left running overnight.
A ‘bad sector’ is a physical defect on a drive and while Windows can often circumnavigate the odd few with no ill effects, an abundance of them is usually a sign of impending hard drive failure.
More serious hard drive failures - the mechanical kind - are usually signalled by strange noises. Some high-performance hard drives do ‘chatter’, but any drive that makes grinding, clicking or pinging noises is usually on the way out. Try searching YouTube for hard drive failure sounds for some examples of what you should be listening for.
How to spot a failing hard drive
Increasing numbers of bad sectors and worrying noises are dead giveaways for hard drive failure, but there won’t always be such warning signs. Fortunately, all hard drives also feature their own built-in diagnostic tool to catch potential problems before they become serious.
It’s called SMART - short for Self-Monitoring, Analysis, and Reporting Technology - and you can access it with a free utility like HD Tune. Download and install the utility from www.hdtune.com/download.html (scroll down to find HD Tune. just above the Drive Power Manager section).
Run HD Tune and click the Health tab on its window. Look at the Status column - each entry should be OK (don’t worry about what these entries mean). If not, something is wrong.
What to do when a hard drive fails?
If you have an up-to-date backup, hard drive failure is a minor problem - just replace it and restore your data. If you don’t, then you’re in trouble.
The best advice in this case is to stop using the drive in question immediately, since the longer it’s left running, the more likely it is to fail catastrophically. Ideally, you should replace the hard drive and get your PC up and running again, then connect your old drive and copy any important data to the new one.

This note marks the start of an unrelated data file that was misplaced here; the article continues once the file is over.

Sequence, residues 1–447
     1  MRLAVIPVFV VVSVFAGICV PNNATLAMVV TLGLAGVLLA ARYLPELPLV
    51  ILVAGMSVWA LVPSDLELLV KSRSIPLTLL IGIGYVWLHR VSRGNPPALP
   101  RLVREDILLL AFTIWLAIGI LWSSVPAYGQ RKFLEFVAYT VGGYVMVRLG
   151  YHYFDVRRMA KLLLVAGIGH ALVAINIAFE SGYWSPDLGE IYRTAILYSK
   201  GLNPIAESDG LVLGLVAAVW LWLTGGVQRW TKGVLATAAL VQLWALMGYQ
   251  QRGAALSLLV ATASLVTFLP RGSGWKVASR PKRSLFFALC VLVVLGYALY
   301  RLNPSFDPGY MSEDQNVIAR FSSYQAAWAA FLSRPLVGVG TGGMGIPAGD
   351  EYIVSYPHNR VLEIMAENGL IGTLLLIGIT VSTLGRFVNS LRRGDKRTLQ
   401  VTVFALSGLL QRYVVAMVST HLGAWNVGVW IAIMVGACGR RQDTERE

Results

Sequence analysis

How successful this is depends on the type of failure, so you may have to turn to a data recovery company if your data is important and the problem is a serious one.
Replacing a hard drive under warranty
The good news is that most hard drives that are just a few years old should still be covered by the manufacturer’s warranty. So if yours fails, you may be eligible for a free replacement.
Search for ‘your hard drive manufacturer’s name ’ rma (short for ‘return merchandise authorisation’) online and you should find the appropriate web page for checking if your drive is still covered and how to return it for a replacement. Just remember that this process won’t recover any of your data, so you’ll need to do that yourself beforehand.
This also means it’s worth paying close attention to warranties when you buy a new hard drive. Manufacturers that offer warranties of three years are more are clearly confident about their hard drives, for example, whereas those that only offer one may not be.
What about solid state drives?
While we’ve been talking about hard drives so far, some of the above problems also apply to solid-state drives.
Since SSDs have no moving parts, they’re much more resistant to impact damage than a hard drive and they won’t ever make strange noises. They can still suffer from bad sectors and manufacturing defects, though, and they also support SMART monitoring. So by all means switch to an SSD for the speed benefits, but don’t do it just for the sake of reliability.